Using Storytelling in the Classroom
With the emphasis on teaching for exams and preparing for inspections increasingly evident, the age-old art form of storytelling is showing signs of decline in British classrooms. Whilst helping children to achieve top results is important, it’s also crucial that we don’t sacrifice the innovation and freedom that comes with this powerful learning tool.
Despite its name, storytelling isn’t as simple as reading a story out loud. Instead, it incorporates rich language, physical movement, imagination, emotion and conceptualisation in order to reveal key details and turn words into visual imagery, also integrating collaboration as a means of encouraging input from students. This format of teaching is so valuable that there are even Storytelling Schools that focus on using it as a springboard for learning, assisting students to master both language and subject content.
What’s more, storytelling doesn’t just apply to reading and writing. By using it to engage students and welcome participation, it can be put into practice across the entire curriculum, even in subjects that traditionally lack narratives, such as maths and science. Whilst it can be tricky to perfect this method, it’s very easy to begin delivering it in your classes – all you need to do is explore ways to make topics more exciting and demonstrate how facts, figures and information can be linked to one another.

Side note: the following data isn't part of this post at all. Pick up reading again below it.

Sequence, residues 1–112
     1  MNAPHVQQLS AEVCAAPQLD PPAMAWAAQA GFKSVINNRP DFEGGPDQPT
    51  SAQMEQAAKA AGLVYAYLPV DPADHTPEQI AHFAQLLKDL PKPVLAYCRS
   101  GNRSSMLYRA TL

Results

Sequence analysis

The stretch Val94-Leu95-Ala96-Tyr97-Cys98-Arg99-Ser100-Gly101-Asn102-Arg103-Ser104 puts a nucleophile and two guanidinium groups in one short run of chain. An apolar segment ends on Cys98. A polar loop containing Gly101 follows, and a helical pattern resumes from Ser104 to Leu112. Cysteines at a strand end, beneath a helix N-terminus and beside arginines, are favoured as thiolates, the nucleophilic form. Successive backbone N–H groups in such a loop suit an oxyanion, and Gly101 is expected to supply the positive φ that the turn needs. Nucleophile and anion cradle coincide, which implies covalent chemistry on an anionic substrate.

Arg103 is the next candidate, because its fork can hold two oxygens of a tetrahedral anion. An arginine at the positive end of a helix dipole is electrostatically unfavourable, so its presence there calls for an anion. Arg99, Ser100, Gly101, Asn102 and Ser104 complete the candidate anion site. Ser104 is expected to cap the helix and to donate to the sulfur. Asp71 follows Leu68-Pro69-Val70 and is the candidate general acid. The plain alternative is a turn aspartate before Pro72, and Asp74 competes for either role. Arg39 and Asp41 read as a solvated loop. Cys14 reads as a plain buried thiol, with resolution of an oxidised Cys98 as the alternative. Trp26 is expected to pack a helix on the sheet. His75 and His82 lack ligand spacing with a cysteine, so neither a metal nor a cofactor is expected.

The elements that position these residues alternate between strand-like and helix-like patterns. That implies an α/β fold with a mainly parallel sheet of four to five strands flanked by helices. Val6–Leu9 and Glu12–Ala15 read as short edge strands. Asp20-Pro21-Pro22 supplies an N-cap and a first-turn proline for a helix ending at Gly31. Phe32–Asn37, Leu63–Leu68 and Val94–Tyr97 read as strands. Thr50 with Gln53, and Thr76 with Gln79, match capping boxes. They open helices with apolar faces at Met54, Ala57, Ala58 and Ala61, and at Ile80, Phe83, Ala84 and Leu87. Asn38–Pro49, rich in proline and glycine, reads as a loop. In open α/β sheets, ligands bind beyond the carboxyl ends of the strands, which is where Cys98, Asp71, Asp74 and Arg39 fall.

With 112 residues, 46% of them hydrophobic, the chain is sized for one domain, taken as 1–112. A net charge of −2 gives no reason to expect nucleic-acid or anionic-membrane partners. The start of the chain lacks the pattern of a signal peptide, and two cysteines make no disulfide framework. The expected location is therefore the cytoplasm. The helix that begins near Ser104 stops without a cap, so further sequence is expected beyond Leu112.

If you need a little guidance, here are some tips for creating impactful stories that children will enjoy and remember:
Build a strong series of core elements that are at their most effective when in a specific order, leaving room for queries and creativity.
To get students invested in a story, you must show your own excitement and passion from the start and throughout.
Modulate your voice, make regular eye contact and use gestures to bring the subject matter to life.
Metaphors and creative license add value to a story, providing they don’t disrupt the flow or obscure the facts.
Rather than a non-stop string of statements, include the occasional question and invite the class to finish some sentences that revolve around previously learned themes.
As with any story, there should always be an ending that sums everything up and provides food for thought.
If possible, set a task for children to write their own mini story at the end of a lesson or module, as this will allow them to show their understanding and express individual perspectives.
Most importantly, make it fun and memorable, as this will support your students in retaining the fundamental details that they need for exams and life alike.
If you still need convincing that storytelling is at the foundation of all information, pick up a newspaper, go to a favourite blog, log onto your social media channels, watch TV or simply ask a friend how their day was. You’ll soon see that people don’t simply list the particulars without adding visual triggers and expressive vocabulary. And if we as adults use storytelling on a daily basis, it seems only logical and fair that teachers champion its implementation in the classroom too.
Do you use storytelling in your classes already? Share your tips with us on social media by tagging in #TeachYorkshire.
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